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Pisani calls in Administrators

9 June 2017

Costas Sakellarious, Pisani Managing Director, who was proud of having avoided the collapse of Pisani as a result of the credit crunch in 2008-09 after a bank withdrew its support for the company.

Stone wholesaler Pisani, established in 1938, has called in the Administrators. Costas Sakellarious, Pisani PLC's Managing Director and major shareholder, says the decision was his and his family's and promises a statement when issues have been settled with the Administrators. He told Natural Stone Specialist: "Sometimes keeping the core of the business intact is just too expensive."

A new company, called Pisani Wholesale, was incorporated on 11 May by Sebastian Harris, Pisani's Chief Operating Officer, trading from premises in Matlock, Derbyshire (High Peak Junction, Whatstandwell, Matlock DE4 5HN). One of Pisani PLC's major sites was near Matlock. You can visit the website of the new company at

Once a leading force in the stone industry and always a major influence in spite of the difficulties it had endured since the credit crunch in 2008-09 (read the take on that by Costas Sakellarious here), Pisani posted notification of the appointment of Administrators on its website this month (June).

It reads: "Lee Antony Manning and Matthew David Smith were appointed joint administrators of Pisani Plc (the 'company') on June 8, 2017. The affairs, business and property of the company are managed by the joint administrators. The joint administrators act as agents of the company and contract without personal liability."

Lee Manning and Matthew Smith are from the Birmingham office of accountant Deloitte.

A statement from Deloitte says: "Prior to our appointment the company had attempted to raise additional investment for the business but was unsuccessful. Due to cash flow constraints and the threat of a winding up petition by HMRC, the company was unable to pay its liabilities when they fell [due] and the company directors had no alternative but issue a Notice of Intention to Appoint Administrators on 31 May..."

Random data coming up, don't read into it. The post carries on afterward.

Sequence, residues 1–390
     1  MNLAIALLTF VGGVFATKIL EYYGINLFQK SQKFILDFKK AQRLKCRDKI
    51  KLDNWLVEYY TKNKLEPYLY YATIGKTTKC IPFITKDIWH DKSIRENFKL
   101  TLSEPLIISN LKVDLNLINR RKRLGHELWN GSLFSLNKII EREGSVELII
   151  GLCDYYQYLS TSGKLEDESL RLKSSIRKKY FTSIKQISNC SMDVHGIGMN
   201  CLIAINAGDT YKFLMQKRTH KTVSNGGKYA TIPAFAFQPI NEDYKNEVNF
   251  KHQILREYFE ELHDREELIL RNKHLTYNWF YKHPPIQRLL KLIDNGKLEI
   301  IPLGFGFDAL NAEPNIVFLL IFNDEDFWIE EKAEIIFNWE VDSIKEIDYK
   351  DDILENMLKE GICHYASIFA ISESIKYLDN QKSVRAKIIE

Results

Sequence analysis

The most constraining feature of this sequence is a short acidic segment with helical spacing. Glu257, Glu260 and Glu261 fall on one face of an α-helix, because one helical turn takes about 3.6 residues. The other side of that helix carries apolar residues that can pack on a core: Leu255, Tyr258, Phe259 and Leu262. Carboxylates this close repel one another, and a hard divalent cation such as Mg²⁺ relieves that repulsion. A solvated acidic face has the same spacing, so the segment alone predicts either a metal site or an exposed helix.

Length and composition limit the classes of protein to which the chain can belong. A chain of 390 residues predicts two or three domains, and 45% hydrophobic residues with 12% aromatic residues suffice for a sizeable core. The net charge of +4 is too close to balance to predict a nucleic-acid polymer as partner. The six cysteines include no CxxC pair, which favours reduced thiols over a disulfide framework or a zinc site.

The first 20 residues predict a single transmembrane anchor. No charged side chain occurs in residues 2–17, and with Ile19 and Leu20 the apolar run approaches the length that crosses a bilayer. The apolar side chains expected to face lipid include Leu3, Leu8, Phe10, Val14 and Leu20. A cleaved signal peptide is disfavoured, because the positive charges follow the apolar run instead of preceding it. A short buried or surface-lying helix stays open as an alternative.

Pisani PLC has a 3,000m2 showroom and distribution headquarters in Feltham, Middlesex, which it relocated its London operations into in 2008, just ahead of the economic crisis. The timing could not have been worse. Pisani created ultra-stylish premises for clients and specifiers to visit to select their stone but saddled itself with debts and high business rates just as the market crashed and banks decided to end their support for construction companies, which Pisani did not escape. Pisani also has a three-acre depot in Derbyshire, near Matlock, and the three-acre Fyfe Glenrock stone centre in Aberdeen, Scotland, that the business there moved into in 2006.

According to Pisani PLC accounts, for the year ending 31 December 2015 it had a pre-tax profit of £34,278. It had recorded losses of more than £815,000 in 2013 and more than £2million in 2014. A £752,000 loan from a Greek company associated with Costas was written off in 2015. In its 2015 accounts Pisani said it employed 49 people. Turnover in 2015 rose to £9.9million from £5.6million in 2014, according to the 2015 accounts. The accounts to the end of 2014 were for an 18 month period showing a turnover of £9.2million. In 2007 the Pisani PLC turnover had been £26.5million with pre-tax profits of £1.2million. At that time it was still a major supplier of stone processing machinery in the UK.

In the 2015 annual report Costas wrote: “The objectives of the directors have been to re-establish the company after 80 years of trading to better deal with current market conditions and requirements. The rebuilding process following the banking crisis has been an arduous process and the company has worked very closely with its bankers to achieve this.”

He added: “The directors have considered the risks of the company not being able to continue as a going concern and have considered carefully the implications of current trading performance and influencing external factors facing the business. Having considered the internal and external factors affecting the company, the directors believe that there are no issues regarding the company's ability to continue as a going concern for the foreseeable future.”

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